Pittsburgh researchers have published more evidence that the solid part of the umbilical cord is a rich source of adult stem cells (tissue stem cells/mesenchymal stem cells). The cells are obtained from a gel-like part of the solid cord, known as Wharton's jelly, and from blood vessel walls. They note that the stem cells isolated from the solid cord can be grown to high numbers of stable cells, with potential to treat muscular, cartilage, and skeletal disorders. The results are published in the Journal of Biomedicine and Biotechnology.

Previously, several groups have isolated adult stem cells from the solid part of the umbilical cord and shown their potential. Scientists in Taiwan showed the ability to differentiate the cells into various lineages, including towards cardiomyocytes, have transformed the stem cells into islet-like clusters that secrete insulin and relieved induced diabetes in experimental animals, and have shown that the cells were beneficial to wound healing after spinal cord injury in rats.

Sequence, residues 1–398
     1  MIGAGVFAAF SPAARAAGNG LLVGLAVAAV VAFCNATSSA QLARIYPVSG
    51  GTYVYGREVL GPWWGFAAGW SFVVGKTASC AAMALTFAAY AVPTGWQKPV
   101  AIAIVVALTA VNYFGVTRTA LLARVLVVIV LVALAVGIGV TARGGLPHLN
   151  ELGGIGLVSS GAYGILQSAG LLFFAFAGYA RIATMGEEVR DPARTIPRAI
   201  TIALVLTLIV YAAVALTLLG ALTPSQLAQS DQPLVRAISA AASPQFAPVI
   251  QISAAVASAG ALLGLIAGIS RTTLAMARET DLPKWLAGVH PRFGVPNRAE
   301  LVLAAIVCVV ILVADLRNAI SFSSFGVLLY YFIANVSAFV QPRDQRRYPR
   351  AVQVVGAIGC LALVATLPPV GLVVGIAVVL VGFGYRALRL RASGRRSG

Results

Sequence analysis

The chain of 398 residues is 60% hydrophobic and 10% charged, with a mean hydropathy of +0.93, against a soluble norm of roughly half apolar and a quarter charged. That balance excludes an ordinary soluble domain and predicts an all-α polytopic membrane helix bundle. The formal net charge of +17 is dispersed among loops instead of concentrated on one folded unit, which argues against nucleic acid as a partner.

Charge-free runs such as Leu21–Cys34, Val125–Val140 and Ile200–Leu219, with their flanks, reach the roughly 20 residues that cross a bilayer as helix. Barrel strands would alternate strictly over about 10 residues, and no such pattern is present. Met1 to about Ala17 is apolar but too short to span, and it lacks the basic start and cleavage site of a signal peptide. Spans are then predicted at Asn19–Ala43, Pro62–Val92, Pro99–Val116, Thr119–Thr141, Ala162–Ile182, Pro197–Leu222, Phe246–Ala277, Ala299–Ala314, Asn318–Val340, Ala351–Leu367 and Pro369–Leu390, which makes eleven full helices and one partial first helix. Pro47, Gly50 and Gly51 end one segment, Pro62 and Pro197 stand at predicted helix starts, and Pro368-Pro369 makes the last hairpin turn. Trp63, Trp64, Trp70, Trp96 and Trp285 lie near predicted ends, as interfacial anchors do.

A group at Kansas State University was one of the first to isolate stem cells from the solid umbilical cord, and have published an array of studies on the cells' abilities, including forming neurons and neural cell types, alleviating Parkinson's symptoms in an animal model, and demonstrating that the stem cells from umbilical cord do not elicit immune response; they have also published a review on the stem cells from Wharton's jelly in the journal Stem Cells.